A Visiting Swarm

Last Wednesday Felix came running inside to tell us there was a huge group of bees hanging off of a branch in the yard. We all RAN outside as fast as we could and saw that it was, indeed a large bunch of bees hanging, shoulder-high, on a branch very near our actual beehive.

I remembered that swarms are not dangerous because they have no hive to defend so we went up close to examine it. It was really amazing to see this huge mass of bugs all clinging together. Jem & I ran to assemble an unused beehive to catch the swarm, as we headed back, they all seemed to be taking flight and within a few seconds we realized they were flying up up and over the top of a tall pine tree towards the woods.


It was the perfect height for us to catch it if we had only gotten there in time.


They’ve just left their other home because it was too crowded there (swarming is a natural part of life for honeybees), after they find a nice place to hang out for a short while, they send out scout bees to find a new home. When a particular number of scout bees return recommending the exact same location, then they all take flight together.

“The term ‘swarming’ is applied to the act of a family of bees leaving their home to establish a new home elsewhere.” –The ABC and XYZ of Beekeeping” A.I. Root, 1878

The other side.


Below is a video of them taking off.

This is where we moved the beehive to before we installed the new package of bees in April, they seem to like it better here. This is immediately to the left of where the swarm was.


Cousin Alex was visiting! and can be heard yelling to the bees in the video ‘Where are you going!?’


Long live the Queen!

hivesJuly The hive that swarmed lost their queen when she led the workers to a new location (see my brief blog post on that here). BUT when we opened the hive this week we saw that there were eggs and ‘brood’ which means that the worker bees have MADE a new queen, she has mated (!) and is laying eggs. Bee books say that queens can lay up to 1500 eggs a day in the high season, this is a bit hard to comprehend. In any case, we were so relieved to see that the colony is thriving and would continue after the swarming. Whether they make it through the winter is another matter entirely.



Extracting Honey

combWe extracted our first honey this past week! It was really fun. Here’s an empty comb in all it’s mathematical beauty & precision.


This is the frame (the wooden part) filled with capped honey. The bees cap the honey with wax to seal it. The comb is irregular because we only put a half sheet of wax foundation into each frame and let the bees do the rest. Master beekeeeper Chris Harp of Honeybee Lives taught us that.


Here we are uncapping the comb. This basically involves cutting off the wax so that the honey inside can be drained or spun out in an extractor.


Jem & Felix are spinning the extractor, it works on centrifugal force. The uncapped comb with honey inside faces the outside of the barrel and the honey spills out as the frame is turned.


When all the frames are done we opened the spigot at the bottom and the honey poured into a clean bucket with a fine filter fitted on top. The filter just ensures that no wax makes it into the honey. The honey itself is still raw and untreated.


Here’s the honey dripping into the filter.


The honey!! Note the light color. it may be Catalpa or clover honey, we’re not sure. it is very flavorful and clover honey is supposed to be mild so we don’t really know where they got their nectar.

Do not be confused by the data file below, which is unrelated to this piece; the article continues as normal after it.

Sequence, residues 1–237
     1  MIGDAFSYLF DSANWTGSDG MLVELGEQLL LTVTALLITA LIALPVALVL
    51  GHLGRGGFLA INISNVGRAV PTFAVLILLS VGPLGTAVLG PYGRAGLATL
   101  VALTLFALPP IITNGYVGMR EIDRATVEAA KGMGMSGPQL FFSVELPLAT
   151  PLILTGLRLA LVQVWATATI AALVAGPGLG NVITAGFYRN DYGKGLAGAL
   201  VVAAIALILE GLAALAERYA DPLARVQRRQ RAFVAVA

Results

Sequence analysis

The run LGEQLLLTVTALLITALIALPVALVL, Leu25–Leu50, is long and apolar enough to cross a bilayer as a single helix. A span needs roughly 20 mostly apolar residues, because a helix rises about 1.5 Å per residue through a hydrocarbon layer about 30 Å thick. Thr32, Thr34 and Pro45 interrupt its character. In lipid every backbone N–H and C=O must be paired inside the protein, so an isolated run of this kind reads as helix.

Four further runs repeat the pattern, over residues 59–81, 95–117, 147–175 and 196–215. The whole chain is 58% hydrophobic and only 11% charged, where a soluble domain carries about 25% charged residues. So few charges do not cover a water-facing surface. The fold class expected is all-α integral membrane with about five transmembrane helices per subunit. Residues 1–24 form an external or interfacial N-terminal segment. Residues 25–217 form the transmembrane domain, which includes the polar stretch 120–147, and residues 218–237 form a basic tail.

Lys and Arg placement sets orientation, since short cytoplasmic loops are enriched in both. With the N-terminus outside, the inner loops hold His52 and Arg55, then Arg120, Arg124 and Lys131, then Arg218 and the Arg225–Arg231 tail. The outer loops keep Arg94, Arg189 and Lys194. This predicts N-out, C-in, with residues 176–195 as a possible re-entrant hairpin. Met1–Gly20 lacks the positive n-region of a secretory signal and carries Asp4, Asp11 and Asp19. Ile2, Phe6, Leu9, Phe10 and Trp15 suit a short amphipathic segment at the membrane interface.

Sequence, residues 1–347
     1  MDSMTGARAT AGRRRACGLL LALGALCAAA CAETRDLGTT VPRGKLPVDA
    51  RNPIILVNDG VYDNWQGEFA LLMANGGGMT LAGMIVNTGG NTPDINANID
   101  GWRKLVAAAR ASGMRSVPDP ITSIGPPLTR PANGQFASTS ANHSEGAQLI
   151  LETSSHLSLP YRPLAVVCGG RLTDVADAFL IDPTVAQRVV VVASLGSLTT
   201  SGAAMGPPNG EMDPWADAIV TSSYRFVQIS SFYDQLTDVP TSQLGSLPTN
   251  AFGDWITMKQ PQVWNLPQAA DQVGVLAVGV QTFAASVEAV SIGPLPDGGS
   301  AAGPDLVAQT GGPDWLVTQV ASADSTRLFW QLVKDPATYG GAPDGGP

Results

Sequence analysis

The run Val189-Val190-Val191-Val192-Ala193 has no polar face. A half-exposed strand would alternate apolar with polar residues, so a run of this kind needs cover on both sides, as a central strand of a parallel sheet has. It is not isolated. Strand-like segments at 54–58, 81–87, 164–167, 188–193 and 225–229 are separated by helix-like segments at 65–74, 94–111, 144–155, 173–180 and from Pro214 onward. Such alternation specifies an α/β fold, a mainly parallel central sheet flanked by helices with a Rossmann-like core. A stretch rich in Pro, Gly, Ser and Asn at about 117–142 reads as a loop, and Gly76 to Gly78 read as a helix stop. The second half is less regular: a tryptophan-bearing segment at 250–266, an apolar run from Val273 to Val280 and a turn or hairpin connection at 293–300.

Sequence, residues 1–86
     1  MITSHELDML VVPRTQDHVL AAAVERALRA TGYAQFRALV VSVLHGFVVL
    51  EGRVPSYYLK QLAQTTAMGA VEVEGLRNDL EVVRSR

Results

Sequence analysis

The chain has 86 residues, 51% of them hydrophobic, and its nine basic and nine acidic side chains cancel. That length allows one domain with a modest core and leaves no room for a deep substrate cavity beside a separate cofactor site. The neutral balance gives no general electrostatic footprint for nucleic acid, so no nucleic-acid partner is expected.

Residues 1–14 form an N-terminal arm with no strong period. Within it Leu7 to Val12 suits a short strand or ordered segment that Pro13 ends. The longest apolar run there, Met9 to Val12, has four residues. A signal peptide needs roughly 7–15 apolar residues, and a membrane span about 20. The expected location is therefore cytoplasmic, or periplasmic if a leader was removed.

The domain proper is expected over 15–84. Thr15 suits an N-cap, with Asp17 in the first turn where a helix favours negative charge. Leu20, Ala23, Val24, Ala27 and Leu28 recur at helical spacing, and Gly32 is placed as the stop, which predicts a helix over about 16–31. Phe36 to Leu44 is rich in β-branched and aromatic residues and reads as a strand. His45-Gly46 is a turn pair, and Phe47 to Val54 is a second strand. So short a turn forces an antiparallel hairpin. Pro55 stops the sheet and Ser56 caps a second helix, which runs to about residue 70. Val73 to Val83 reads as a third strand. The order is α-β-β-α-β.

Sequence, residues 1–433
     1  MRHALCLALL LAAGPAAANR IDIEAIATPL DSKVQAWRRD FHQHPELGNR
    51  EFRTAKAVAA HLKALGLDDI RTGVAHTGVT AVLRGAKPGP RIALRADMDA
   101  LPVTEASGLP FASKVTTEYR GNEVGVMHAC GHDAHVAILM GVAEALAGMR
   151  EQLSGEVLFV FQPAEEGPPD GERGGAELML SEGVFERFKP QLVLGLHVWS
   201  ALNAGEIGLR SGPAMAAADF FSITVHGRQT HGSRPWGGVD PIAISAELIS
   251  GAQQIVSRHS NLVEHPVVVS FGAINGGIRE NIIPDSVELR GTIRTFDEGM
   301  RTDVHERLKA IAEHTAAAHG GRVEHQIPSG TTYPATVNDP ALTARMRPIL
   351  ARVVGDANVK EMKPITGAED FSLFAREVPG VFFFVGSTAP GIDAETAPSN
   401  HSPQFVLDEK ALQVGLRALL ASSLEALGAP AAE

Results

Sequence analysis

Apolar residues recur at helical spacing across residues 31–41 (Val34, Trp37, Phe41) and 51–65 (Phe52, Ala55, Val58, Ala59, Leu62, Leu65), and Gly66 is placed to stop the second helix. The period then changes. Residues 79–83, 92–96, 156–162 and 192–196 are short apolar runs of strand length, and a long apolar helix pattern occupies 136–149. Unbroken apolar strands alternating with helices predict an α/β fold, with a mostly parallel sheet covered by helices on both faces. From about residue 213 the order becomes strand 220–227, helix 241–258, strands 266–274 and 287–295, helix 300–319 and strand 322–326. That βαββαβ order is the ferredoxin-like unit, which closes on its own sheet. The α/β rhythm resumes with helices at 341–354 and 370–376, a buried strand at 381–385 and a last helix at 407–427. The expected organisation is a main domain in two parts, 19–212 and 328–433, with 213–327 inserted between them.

We thought these little bottles would make nice gifts, they hold 8 ounces each so we ended up with about 7 lbs total. The little bear was a gift from Megan at Hudson Valley Bee Supply where we get lots of our supplies.

IMG_0201 copy

Our ladies seemed to really loves these drumstick allium. I think I’ll plant more this fall.

IMG_0176Summer in the Catskills has a lot to offer, and Felix was a huge help with our adventures in honey collecting.

Amazing vintage beekeping videos.

This is a series of beekeeping videos made in 1979 about ‘skep beekeeping’ in Germany. They are really awesome and worth watching if you are interested in beekeeping. It is especially cool to see how they used to keep bees in the ‘olden days’ since I imagine a lot of this knowledge is now lost. These master beekeepers don’t use gloves, smoke the bees with a special pipe and are masters of all sorts of cool old crafts related to skep-making. Skeps are basically inverted baskets with an entrance for bees. They can be easily moved for pollinating and winter protection. They are so well-made that they can last as long as 100 years. Amazing craftsmanship is at work. The videos have a very slow pace and an English narrator with a wonderfully Monty-Python-esque quality to them. Enjoy!

Heathland Beekeeping on YouTube from the late 1970s, click below to see videos…

1 – Spring Work in a Heather Skep Apiary

2 – Preparations for the Swarming Period in a Heather Skep Apiary

3 – Work in a Heather Skep Apiary during the Prime Swarming Period

4 – Work in a Heather Skep Apiary during the Cast Swarming Period

5 – Summer Work during the Heather Blossom in a Skep Apiary

6 – Autumn Work in a Heather Skep Apiary

7 – Harvest of Heather Honey in a Skep Apiary

8 – Bees’ Wax Pressing in a Traditional Apiary


Master beekeeper Georg Klindworth in the skep apiary.

A new name for this blog?

You may have noticed that I changed the name of the blog to ‘Monkey’s Wedding’. This is a phrase that my late father-in-law used to describe the weather when it was raining and sunny at the same time. I always loved this phrase and the more I thought about it, the more I realized that it is a good metaphor for the existential dilemma that is so much a part of human existence. Life is beautiful but finite, both happy and sad at the same time.